Another body blow to Mumbai Port’s Container Terminal Project
Committee to be set up, as directed by the Bombay High Court, will consider the feasibility of maintaining 16 meter draft at Mumbai Port’s Offshore Container Terminal
Mumbai port’s first container terminal, Indira Container Terminal (ICTPL- the offshore terminal), a joint venture between Gammon India and Dragados of Spain which has been delayed by more than six years after the agreement was first signed in 2007 has received another body blow. Following a public interest litigation filed by D.M. Sukthankar, retired as Chief Secretary to the Government of Maharashtra and Vice Admiral I. C. Rao PVSM, AVSM, (Retd), the spokesman of Mumbai Docklands Regeneration Forum, the Bombay High Court took into consideration the contention of petitioners that it is technically not feasible to achieve and maintain the required draft of 16 meter in the berth pocket, in the absence of which the Offshore Container Terminal will not see the light of day.
After due diligence and following an undertaking given by the Mumbai Port Trust (one of the respondent whose obligation it is to complete the capital dredging) the Court issued an order of 8th October, 2013 directing the port to form a committee to consider carefully the views expressed by the petitioners and come to a decision within two months.
The issues which had been raised in the petition are essentially of a technical nature. Having due regard to the limitation on the jurisdiction of the Court under Article 226 of the Constitution of India while exercising judicial review in such matters, the Port Trust was asked by the Court if it was ready and willing to constitute the committee to consider the view point of the petitioners.
Accordingly, the Court was informed that the Port Trust will constitute the committee which would consist of:
(i) The Chairman or, Dy. Chairman of Mumbai Port Trust;
(ii) A technical representative; and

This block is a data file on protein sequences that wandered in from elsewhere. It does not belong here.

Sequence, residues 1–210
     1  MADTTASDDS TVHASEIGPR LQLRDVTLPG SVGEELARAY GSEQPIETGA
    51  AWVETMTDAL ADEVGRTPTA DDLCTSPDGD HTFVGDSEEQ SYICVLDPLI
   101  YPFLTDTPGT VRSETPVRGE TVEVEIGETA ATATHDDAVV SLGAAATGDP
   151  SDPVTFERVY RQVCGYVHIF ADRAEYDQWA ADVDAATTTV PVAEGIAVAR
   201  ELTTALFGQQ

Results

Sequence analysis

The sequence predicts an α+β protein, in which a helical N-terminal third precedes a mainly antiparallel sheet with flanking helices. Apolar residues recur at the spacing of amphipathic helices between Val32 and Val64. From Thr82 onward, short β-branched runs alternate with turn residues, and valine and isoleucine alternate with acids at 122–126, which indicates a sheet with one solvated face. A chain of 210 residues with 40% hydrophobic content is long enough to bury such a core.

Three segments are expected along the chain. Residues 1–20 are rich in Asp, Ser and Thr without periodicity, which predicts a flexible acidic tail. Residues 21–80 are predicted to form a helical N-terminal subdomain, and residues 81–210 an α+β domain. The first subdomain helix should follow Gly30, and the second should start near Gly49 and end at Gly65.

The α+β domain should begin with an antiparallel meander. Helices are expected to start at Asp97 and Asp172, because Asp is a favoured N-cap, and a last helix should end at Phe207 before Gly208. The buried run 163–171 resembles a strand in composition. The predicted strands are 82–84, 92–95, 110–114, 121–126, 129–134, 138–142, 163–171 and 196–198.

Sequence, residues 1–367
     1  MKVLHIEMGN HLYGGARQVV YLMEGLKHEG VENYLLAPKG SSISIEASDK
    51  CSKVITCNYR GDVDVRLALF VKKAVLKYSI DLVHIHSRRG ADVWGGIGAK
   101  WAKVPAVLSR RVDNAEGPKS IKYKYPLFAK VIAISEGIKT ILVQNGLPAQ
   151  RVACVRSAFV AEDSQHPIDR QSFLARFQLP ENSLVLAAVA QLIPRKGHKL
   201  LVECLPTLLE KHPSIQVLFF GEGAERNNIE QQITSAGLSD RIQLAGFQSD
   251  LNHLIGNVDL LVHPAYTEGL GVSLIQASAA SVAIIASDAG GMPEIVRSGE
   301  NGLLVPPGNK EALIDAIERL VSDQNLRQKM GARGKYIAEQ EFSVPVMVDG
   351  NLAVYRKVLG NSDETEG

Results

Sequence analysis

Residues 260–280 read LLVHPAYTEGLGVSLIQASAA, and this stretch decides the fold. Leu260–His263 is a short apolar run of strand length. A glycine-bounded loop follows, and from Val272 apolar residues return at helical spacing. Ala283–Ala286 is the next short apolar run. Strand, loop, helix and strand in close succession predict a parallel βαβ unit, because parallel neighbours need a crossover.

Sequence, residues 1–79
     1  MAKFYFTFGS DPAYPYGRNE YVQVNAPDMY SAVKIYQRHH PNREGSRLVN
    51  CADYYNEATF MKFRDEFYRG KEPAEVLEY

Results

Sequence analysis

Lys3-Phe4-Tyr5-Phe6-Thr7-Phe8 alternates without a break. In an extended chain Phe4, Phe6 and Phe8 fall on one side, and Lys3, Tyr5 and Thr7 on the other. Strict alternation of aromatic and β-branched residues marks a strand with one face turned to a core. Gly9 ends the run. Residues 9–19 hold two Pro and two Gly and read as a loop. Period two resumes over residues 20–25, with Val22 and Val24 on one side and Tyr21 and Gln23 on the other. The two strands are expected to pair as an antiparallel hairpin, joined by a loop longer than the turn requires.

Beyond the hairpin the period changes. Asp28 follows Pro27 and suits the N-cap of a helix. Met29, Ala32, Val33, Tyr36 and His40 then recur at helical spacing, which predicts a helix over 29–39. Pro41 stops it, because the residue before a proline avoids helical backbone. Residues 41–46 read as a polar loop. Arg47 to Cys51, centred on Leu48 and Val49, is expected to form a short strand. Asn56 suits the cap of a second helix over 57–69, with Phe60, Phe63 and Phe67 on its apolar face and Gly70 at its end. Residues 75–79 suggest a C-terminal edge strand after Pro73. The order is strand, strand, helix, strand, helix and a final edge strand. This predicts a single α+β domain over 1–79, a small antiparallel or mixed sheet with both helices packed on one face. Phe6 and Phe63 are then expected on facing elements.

(iii) A representative of the Central Water and Power Research Station (CWPRS).
The petitioners agreed to this course of action. It has been left open to the committee to fix its own modalities including if need be and if so felt, to consult other appropriate stake holders or bodies, including the Ministry of Shipping, government of India. The Court has been assured that the views of the petitioners would be carefully borne in mind and a final decision arrived at.
According to Vice Admiral I. C. Rao (Retd), Jaisu Shipping, the dredging contractor could not complete even the first phase of the dredging scheduled to be done in 6 months, despite several attempts over 3 years, and has been forced to file for bankruptcy. No dredging has been undertaken since Feb 2013. The new tender has had no bidders between 5 Sep and 3 Oct despite postponements. The next bidding date is 18 October 2013. The fate of the tender is uncertain. The dredged areas have re-silted by about 4 meters and the depth at the berth is 11 m from the 15 m achieved partially by Jaisu Shipping in Apr 2012. The depth at the approach channel is between 8 m and 11 m instead of minimum of 13.5 m. So no navigable channel has been created despite expenditure of $ 46.7 million.
If it is decided that the Container Terminal is not viable, Mumbai will have a god sent opportunity to have a cruise ship terminal, passenger ferries, commuter ferries, a marina as well as berths and repair facilities for coastal vessels and the Coast Guard - all more profitable than a flawed container terminal.
Over the years the port has lost a major portion of the dry cargo it handled to other ports in the region especially the private ports that have been springing up steadily. The number of containers it handles presently which is around 40,000 TEU per annum is just about one-third of what it handled a decade ago. Shipping companies prefer Mundra, Pipavav and JNPT, which have much better drafts. The performance figures released recently by the port paint a gloomy picture for liquid cargo as well, for the city’s refineries.